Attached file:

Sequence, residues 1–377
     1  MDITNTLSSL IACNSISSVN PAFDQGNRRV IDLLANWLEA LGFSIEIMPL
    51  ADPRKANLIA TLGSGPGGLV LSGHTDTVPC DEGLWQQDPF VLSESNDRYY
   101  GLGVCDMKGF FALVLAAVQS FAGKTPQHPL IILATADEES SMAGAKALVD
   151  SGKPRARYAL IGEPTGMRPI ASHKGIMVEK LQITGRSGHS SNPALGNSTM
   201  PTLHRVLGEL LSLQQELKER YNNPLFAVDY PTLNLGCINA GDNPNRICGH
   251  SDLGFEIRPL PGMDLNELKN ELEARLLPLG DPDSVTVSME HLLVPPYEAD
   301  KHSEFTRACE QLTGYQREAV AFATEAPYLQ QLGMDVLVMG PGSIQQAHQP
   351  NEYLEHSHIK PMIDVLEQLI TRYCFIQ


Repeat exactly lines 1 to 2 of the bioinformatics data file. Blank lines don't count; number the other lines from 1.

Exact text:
Sequence, residues 1–377
     1  MDITNTLSSL IACNSISSVN PAFDQGNRRV IDLLANWLEA LGFSIEIMPL